On this episode of Theology Gals Ashley and Coleen discuss suffering. They talk about what Scripture says about the reasons why we may suffer, how we should respond to our suffering and how we can encourage others who are suffering.
(We had a couple technical difficulties during this episode. A hail storm hit Coleen's home in Colorado towards the end of the episode and can be heard.)
There are many kinds of suffering. We face short term trials, and we can may experience very difficult and long term suffering.
While the Lord may discipline us for our good, suffering is not always the result of sin or discipline:
7 It is for discipline that you endure; God deals with you as with sons; for what son is there whom his father does not discipline? 8 But if you are without discipline, of which all have become partakers, then you are illegitimate children and not sons. 9 Furthermore, we had earthly fathers to discipline us, and we respected them; shall we not much rather be subject to the Father of spirits, and live? 10 For they disciplined us for a short time as seemed best to them, but He disciplines us for our good, so that we may share His holiness. 11 All discipline for the moment seems not to be joyful, but sorrowful; yet to those who have been trained by it, afterwards it yields the peaceful fruit of righteousness. Hebrews 12:7-11
In Hebrews 12 we see that even when the Lord disciplines us, He does so for our good, because He loves us, in the same way parents discipline their.
But we also know from Job and other places in Scripture that our suffering is not always the result of discipline.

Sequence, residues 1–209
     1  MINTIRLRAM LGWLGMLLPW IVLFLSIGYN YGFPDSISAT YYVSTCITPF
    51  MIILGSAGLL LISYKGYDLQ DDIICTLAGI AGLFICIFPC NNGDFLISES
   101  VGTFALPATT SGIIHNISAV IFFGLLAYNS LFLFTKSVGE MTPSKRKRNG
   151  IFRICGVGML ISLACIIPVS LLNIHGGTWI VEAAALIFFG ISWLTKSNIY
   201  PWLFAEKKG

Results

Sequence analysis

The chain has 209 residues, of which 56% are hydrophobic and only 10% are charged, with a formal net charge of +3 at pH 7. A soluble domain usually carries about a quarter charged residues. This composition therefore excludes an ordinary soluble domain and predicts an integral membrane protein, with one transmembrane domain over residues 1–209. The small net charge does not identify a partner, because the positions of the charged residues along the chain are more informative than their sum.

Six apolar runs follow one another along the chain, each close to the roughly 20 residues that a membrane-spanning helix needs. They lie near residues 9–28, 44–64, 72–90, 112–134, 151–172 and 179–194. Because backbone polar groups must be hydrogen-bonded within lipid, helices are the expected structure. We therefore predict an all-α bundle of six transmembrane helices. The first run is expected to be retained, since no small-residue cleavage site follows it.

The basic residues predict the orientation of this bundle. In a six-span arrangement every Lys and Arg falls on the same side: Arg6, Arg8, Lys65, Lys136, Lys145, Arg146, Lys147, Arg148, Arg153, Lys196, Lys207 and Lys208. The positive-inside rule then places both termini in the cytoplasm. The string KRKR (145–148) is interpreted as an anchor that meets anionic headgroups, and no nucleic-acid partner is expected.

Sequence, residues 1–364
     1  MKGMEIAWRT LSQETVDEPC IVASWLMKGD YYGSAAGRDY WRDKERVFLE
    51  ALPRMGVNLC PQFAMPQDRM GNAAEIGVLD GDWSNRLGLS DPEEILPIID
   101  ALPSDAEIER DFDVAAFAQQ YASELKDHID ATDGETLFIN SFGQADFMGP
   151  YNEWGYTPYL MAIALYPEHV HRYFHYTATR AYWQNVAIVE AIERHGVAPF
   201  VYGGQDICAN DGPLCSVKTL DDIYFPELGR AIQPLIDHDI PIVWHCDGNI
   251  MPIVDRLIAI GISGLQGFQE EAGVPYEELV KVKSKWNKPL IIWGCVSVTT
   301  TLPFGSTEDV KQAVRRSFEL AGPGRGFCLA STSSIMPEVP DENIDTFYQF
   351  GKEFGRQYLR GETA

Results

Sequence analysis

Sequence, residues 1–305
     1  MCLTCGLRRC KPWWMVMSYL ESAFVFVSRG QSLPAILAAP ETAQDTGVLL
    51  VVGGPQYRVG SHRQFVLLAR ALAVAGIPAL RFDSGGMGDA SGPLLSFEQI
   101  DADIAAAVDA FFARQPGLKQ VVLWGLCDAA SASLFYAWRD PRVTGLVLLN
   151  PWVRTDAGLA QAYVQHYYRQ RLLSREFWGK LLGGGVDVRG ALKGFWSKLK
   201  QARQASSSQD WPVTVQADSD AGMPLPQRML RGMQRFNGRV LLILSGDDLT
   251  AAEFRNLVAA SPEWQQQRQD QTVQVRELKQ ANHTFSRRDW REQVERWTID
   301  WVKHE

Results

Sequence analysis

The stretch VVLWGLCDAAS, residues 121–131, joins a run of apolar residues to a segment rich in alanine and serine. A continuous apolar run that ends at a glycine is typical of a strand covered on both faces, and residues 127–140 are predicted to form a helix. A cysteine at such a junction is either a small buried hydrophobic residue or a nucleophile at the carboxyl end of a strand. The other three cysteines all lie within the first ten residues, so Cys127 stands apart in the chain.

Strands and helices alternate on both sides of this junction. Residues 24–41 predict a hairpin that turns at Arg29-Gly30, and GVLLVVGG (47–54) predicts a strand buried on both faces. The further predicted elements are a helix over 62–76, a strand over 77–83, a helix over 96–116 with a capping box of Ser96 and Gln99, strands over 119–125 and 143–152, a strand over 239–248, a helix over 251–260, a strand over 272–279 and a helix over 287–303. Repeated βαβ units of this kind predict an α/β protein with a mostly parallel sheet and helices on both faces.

It's easy to assume that our suffering is a result of our sin, in John 9 the disciples assumed that very thing:
1 As he passed by, he saw a man blind from birth. 2 And his disciples asked him, “Rabbi, who sinned, this man or his parents, that he was born blind?” 3 Jesus answered, “It was not that this man sinned, or his parents, but that the works of God might be displayed in him John 9:1-3
This is an excerpt from an article by RC Sproul on this passage:
“However, the disciples made the mistake of particularizing the general relationship between sin and suffering. They assumed there was a direct correspondence between the blind man’s sin and his affliction. Had they not read the book of Job, which deals with a man who was innocent and yet was severely afflicted by God? The disciples erred in reducing the options to two when there was another alternative. They posed their question to Jesus in an either/or fashion, committing the logical fallacy of the false dilemma, assuming that the sin of the man or the sin of the man’s parents was the cause of his blindness.
“The disciples also seem to have assumed that anyone who has an affliction suffers in direct proportion to the sin that has been committed. Again, the book of Job dashes that conclusion, for the degree of suffering Job was called to bear was astronomical compared with the suffering and afflictions of others far more guilty than he was.
“We must never jump to the conclusion that a particular incidence of suffering is a direct response or in direct correspondence to a person’s particular sin. The story of the man born blind makes this point.”
There's also teaching in some circles that suffering is due to a lack of faith. Some believe in regards to healing for instance, that the Lord withholds it because the sufferer has a lack of faith, but that is not Biblical. They also may believe that God promises us healing and wealth which also is not consistent with Scripture.
Reasons for Suffering:
Our suffering tests and prepares us & teaches us to rely on God
6 In this you rejoice, though now for a little while, if necessary, you have been grieved by various trials, 7 so that the tested genuineness of your faith—more precious than gold that perishes though it is tested by fire—may be found to result in praise and glory and honor …
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